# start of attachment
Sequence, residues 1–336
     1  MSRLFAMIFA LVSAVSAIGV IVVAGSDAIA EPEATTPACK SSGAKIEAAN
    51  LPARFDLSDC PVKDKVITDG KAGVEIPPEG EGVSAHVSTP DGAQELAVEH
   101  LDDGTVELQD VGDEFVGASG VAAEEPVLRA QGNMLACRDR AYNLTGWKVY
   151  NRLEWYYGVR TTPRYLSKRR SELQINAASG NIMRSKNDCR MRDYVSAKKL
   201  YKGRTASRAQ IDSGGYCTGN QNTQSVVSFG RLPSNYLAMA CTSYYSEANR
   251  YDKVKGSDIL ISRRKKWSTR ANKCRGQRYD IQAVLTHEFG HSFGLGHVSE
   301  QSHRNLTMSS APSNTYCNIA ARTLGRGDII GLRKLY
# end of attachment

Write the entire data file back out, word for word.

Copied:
Sequence, residues 1–336
     1  MSRLFAMIFA LVSAVSAIGV IVVAGSDAIA EPEATTPACK SSGAKIEAAN
    51  LPARFDLSDC PVKDKVITDG KAGVEIPPEG EGVSAHVSTP DGAQELAVEH
   101  LDDGTVELQD VGDEFVGASG VAAEEPVLRA QGNMLACRDR AYNLTGWKVY
   151  NRLEWYYGVR TTPRYLSKRR SELQINAASG NIMRSKNDCR MRDYVSAKKL
   201  YKGRTASRAQ IDSGGYCTGN QNTQSVVSFG RLPSNYLAMA CTSYYSEANR
   251  YDKVKGSDIL ISRRKKWSTR ANKCRGQRYD IQAVLTHEFG HSFGLGHVSE
   301  QSHRNLTMSS APSNTYCNIA ARTLGRGDII GLRKLY